Both React and Blazor are component-oriented UI frameworks, meaning you can compose a page of components. The components can be simple, complex, out-of-the-box, 3rd party, or custom. This is great for reuse and consistency across a single application or beyond an organization.

Component Libraries

Blazor is younger than React and some other SPA UI solutions. However, it is maturing rapidly with many 3rd parties provided component libraries—these range from smaller, open-source collections to large, commercial offerings. Regardless of the application requirements, there are likely Blazor components to be found for use that eliminate the need to create your own.

Example libraries:

  • Blazored
  • Blazorise
  • DevExpress Blazor Components
  • MatBlazor
  • MudBlazor
  • Radzen Blazor Components
  • Telerik UI for Blazor

Custom Components and Libraries:

Blazor components can be created from scratch and can encapsulate other components. These use the same razor syntax and C# code we’re used to. These can also be packages in a library for sharing and/or published via nuget if needed.


So far, I’ve focused on UI concerns since Blazor is all about the UI. However, as a solutions architect, I would be remiss if I didn’t address some of the important cross-cutting concerns. The biggest would be security. Security for a SPA has become somewhat standard (like React/Redux/API usage). This typical approach utilizes OpenID Connect (OIDC), which is based on the OAuth2.0 protocol.


Authorization can be demanded for the entire Blazor application or on a page level. Both cases apply the @attribute [Authorize] as shown below.


Application-level authorization via _Imports.razor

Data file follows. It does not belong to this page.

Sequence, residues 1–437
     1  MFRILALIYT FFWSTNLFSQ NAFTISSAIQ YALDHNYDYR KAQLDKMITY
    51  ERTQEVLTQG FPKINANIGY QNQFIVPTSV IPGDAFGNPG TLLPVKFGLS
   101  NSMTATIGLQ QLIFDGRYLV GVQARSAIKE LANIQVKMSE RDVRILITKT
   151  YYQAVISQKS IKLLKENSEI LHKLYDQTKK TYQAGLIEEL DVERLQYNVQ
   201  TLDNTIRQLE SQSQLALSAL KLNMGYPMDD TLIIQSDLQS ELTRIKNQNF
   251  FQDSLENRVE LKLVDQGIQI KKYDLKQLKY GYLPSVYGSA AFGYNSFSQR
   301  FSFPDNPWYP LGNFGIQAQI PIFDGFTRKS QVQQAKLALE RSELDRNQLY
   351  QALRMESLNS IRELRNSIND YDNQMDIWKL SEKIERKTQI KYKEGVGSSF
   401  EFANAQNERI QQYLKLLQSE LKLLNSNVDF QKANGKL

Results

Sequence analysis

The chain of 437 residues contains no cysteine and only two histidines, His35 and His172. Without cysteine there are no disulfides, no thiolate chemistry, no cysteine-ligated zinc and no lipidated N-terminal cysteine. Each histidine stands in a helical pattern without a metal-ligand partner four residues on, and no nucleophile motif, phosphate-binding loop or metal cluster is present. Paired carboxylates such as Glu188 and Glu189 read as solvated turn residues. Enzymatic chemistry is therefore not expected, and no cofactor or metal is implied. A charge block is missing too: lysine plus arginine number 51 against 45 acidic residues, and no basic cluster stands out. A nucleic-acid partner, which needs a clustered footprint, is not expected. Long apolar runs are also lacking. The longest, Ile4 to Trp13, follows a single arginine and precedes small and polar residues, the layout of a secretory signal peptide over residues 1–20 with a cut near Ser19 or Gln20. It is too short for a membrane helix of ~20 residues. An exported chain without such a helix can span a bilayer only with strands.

Page-level authorization via Index.razor


Blazor includes the Authentication library, which provides token-based authentication based on JSON Web Tokens (JWTs). The authentication library provides seamless authentication with ASP.NET Core backends and integrates ASP.NET Core Identity with API authorization.

Security is a larger topic than this post allows. However, Blazor is well-positioned to support the needs of a SPA backend authentication and UI authorization. See the reference below for more details.


Logging and Analytics

As with the rest of the application, the Blazor UI can benefit from including tracing for information and exceptions after deployment. In addition, the UI will likely depend on some usage analysis. Happily, these concerns have solutions.


In my recent React SPA experience, Application Insights was used in the front-end to provide means for tracing information and exceptions initiated within the TypeScript code. The same can be done with the Blazor application via the nuget package listed below. Interestingly, at this time, this is provided by a 3rd party, not Microsoft. This may change in the future. However, as it exists, the package does provide the needed abilities for tracking traces, exceptions & metrics. It also provides time-based measurement tracking.


Similarly, Google Analytics has been proven to be a valuable addition to React SPA applications. Likewise, the same can be done with a Blazor application and the nuget package listed below. When used, GA will track events by default and can be explicitly invoked via code as needed.



Localization is not always a requirement for every application, but with .Net Core, there is usually some use of IStringLocalizer to perform translations. Blazor fully supports this client-side as well as during API calls. This allows for API routes to localize content response as needed by the user’s culture/language in the same way as a React SPA would. This also allows for client-side code translation if needed.



Blazor is here! Blazor is ready! I am excited! Blazor is newer to the SPA landscape but checks a lot of the boxes needed to be chosen as part of the solution. There are areas (mostly due to the shorter time on the scene) where it lags React. However, there are key areas that, despite being relatively new where it surpasses React – models, validation, code-base-unity, to name a few. So IMHO, if your platform and/or background is .Net Core, Blazor is a YES for the next web application.

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Gary Brandt

Gary Brandt is a Senior Solutions Architect focusing on custom solutions design, development, and delivery utilizing the Microsoft platform and Azure cloud services. He has more than 20 years of development and consulting experience and has seen a lot of different technologies over the years. He is always excited about the emerging changes and to see how they will impact the work we do today and in the future.